Will Democracy Drown In A Sea Of Sophistry?

For the past year and a half I’ve hosted a weekly radio show where I interview guests about a wide range of subjects, giving them a platform to share their stories and beliefs, without the shouting-head bombardment or editorial spin framing that characterizes so much of contemporary talk radio and television. Many of these guests are passionate advocates of one cause or another, which is often the reason I invite them. So far, it’s been a richly rewarding experience. I only wish more of the media landscape were similar.

Every time I read the news or wade into the blogosphere I’m exposed to an even wider parade of advocates, including many preaching doctrines I find silly, wrongheaded, or downright abhorrent. And I’ve started to notice a pattern.

Only the rarest of advocates seem to accord objective facts primacy of place. Instead, they remind me of trial lawyers whose job is to weave a compelling narrative for sequestered juries, excising from the record any purported facts that weaken their arguments, often resorting to appalling acts of sophistry. And the pattern spans the professions — from scientists, who are supposed to know better, to economists, who increasingly don’t seem to know much of anything.

Even worse, our culture of rabid partisanship increasingly encourages consumers to evaluate the veracity of facts and narratives based on the advocates’ tribal affiliations, rather than on any objectively verifiable criteria. I’m no longer sure a majority of my fellow citizens even believe there is such a thing as objective facts, or that anyone has the power to fish them out of the sea of misinformation plastered all over the web by dueling advocates. It seems the more information our abundant communications media shower upon us, and the more experts weigh in any subject, the less we can be sure of what we know.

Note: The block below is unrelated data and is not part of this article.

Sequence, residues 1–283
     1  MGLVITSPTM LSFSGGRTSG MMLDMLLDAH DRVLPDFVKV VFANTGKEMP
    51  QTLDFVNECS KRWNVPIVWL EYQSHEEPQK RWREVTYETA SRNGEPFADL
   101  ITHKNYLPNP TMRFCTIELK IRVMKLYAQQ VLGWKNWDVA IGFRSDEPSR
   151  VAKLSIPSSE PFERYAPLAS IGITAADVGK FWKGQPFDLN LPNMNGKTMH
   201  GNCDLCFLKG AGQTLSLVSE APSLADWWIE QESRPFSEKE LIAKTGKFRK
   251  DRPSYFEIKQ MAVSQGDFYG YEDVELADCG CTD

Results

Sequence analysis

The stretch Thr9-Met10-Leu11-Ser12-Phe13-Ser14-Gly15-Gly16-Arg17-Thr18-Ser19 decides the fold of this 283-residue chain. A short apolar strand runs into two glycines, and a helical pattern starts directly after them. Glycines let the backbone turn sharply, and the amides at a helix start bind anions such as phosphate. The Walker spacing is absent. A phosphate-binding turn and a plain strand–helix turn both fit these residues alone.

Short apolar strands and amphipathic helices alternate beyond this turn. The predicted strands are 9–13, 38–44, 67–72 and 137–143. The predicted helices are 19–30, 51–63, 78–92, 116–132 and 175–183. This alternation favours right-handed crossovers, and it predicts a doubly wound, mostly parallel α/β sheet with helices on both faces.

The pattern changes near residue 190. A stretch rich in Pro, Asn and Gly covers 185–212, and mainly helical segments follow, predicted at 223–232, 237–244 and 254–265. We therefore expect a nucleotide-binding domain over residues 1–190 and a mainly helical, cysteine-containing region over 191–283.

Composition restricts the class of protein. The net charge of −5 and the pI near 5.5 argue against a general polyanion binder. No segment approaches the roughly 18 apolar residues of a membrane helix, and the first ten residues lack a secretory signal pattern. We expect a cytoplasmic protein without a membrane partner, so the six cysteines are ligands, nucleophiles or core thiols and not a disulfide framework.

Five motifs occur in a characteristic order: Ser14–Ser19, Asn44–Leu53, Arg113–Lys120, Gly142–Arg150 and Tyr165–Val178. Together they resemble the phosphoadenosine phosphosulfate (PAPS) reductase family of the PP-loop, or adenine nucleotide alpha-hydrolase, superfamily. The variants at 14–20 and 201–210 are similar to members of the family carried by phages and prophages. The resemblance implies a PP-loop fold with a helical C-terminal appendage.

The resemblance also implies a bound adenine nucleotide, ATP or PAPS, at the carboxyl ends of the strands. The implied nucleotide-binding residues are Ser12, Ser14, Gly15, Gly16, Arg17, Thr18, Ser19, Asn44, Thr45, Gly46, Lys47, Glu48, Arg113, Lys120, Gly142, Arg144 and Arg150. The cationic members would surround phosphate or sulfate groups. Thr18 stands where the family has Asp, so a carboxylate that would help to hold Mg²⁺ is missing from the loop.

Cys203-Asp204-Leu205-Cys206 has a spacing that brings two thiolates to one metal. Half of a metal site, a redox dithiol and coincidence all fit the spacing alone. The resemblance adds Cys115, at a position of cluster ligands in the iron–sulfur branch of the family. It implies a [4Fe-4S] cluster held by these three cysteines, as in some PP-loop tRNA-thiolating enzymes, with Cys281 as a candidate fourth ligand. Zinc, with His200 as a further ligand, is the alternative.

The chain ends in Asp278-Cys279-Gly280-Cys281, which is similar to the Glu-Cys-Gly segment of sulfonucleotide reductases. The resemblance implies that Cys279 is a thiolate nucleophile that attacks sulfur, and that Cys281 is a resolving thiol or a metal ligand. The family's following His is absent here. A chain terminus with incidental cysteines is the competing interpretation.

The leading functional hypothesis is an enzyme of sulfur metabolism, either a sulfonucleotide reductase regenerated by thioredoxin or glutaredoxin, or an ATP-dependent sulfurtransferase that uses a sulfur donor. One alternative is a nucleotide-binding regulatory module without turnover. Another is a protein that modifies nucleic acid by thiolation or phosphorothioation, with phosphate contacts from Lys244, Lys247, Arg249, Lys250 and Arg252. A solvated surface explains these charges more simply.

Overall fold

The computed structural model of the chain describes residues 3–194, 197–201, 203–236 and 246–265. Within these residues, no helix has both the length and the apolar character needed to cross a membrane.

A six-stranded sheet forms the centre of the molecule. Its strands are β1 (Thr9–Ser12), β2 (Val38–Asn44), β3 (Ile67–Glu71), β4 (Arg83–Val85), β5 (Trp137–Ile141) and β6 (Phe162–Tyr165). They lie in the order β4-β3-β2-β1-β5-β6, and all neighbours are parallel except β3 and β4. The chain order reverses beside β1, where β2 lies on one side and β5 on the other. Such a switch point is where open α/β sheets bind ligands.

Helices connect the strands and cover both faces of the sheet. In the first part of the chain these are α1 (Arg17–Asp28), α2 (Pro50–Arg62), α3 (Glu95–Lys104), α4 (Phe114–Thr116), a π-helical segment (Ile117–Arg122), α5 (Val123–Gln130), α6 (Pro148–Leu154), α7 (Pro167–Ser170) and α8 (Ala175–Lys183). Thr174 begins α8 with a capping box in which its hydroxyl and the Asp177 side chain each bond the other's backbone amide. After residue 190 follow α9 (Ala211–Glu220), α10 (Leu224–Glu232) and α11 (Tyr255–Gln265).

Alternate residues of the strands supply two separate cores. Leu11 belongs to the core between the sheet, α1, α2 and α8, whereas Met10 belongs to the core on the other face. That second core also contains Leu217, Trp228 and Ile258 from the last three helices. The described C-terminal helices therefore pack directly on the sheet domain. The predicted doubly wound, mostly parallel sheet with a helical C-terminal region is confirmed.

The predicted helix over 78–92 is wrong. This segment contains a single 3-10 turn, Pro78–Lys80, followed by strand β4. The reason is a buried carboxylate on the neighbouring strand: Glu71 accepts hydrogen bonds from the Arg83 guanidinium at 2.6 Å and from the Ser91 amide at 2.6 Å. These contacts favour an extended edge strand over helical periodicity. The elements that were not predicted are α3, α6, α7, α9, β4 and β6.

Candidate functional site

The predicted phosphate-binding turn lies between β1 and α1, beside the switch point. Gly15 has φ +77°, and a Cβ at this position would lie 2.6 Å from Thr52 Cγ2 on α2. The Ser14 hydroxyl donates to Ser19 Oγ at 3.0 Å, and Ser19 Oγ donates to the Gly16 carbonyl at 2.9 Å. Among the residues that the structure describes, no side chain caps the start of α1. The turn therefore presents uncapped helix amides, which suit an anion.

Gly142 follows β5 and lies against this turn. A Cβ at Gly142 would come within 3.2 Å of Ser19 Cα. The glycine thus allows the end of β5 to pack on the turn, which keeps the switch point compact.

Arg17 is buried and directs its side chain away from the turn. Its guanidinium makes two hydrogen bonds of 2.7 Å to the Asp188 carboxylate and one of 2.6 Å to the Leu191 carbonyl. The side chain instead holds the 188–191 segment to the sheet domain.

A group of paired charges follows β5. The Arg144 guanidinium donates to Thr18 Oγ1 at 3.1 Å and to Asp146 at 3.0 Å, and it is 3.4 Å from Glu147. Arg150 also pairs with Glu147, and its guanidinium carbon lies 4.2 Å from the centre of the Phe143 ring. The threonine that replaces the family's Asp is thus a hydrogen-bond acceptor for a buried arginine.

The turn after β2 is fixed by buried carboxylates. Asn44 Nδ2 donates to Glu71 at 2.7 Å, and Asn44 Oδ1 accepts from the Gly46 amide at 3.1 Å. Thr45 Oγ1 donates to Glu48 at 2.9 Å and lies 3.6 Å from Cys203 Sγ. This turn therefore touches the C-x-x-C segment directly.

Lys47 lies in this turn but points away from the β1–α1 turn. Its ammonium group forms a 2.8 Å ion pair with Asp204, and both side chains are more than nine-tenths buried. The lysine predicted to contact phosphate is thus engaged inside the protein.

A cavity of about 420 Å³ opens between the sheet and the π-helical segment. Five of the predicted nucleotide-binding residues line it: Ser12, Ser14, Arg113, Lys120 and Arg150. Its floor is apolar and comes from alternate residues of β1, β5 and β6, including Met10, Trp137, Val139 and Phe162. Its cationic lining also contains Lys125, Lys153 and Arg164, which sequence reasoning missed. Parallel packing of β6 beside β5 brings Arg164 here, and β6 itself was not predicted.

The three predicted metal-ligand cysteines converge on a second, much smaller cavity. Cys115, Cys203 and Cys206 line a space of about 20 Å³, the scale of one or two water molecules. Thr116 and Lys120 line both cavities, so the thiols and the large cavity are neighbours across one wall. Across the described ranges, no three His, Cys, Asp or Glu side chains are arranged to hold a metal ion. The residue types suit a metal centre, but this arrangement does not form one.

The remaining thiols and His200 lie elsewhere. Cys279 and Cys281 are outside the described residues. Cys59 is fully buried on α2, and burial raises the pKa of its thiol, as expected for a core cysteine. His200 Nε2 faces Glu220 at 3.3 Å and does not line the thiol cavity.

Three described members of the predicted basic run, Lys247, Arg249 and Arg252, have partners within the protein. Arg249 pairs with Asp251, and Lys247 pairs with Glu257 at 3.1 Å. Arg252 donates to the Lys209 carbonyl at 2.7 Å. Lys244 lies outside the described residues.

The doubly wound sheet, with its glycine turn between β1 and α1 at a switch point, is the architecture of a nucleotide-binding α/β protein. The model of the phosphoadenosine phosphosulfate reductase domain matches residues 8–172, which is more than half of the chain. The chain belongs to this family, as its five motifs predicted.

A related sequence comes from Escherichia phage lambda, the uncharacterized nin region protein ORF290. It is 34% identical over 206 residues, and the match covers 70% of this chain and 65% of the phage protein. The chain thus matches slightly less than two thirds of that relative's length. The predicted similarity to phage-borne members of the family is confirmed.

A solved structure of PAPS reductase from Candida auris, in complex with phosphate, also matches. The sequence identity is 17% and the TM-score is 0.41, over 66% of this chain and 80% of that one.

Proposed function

The (very) occasional advocates who put facts first, including some inconvenient to their cause, don’t see their credibility enhanced. Rather, opposing zealots seize on these “admissions,” to shout, “Gotcha! Two points for our team.” (Though to be fair, does anyone really seek wisdom by watching Al Sharpton and Ann Coulter yell at each other?)

None of this would be a threat to Western Civilization’s long term prospects if we were all free to make up our own minds on the vast majority of issues, with each of us bearing the consequences of our own judgment. But on an exponentially growing number of issues, debates get settled at the ballot box instead of in the marketplace. And unlike the marketplace where exchanges are voluntary, political winners get to forcibly impose their views, and any accordant costs, on all the losers.

Knowing this, more people from more walks of life get into more fights over more issues, while opposing armies of professional loudmouth advocates lead the charge. It’s all music to the ears of donation-hungry politicians and controversy-seeking media.

This leads to absurdities like the most powerful man in the world, the President of the United States, who surely has more important things to do, dictating a national policy on what level of bee deaths are acceptable in over-wintering beehives. (I challenge you to Google up “bee deaths” to sort out the underlying facts in an acrimonious debate that has set beekeepers against insecticide companies, farmers against environmental zealots, and taxpayers against grocery shoppers.)

There doesn’t seem to be a clear path out of this. Most cultural and political forces are driving us toward more “democracy,” more hyperactive politicians, more nationally enforced policies, more advocates pleading their cases, and more devastating costs whenever the majority chooses badly.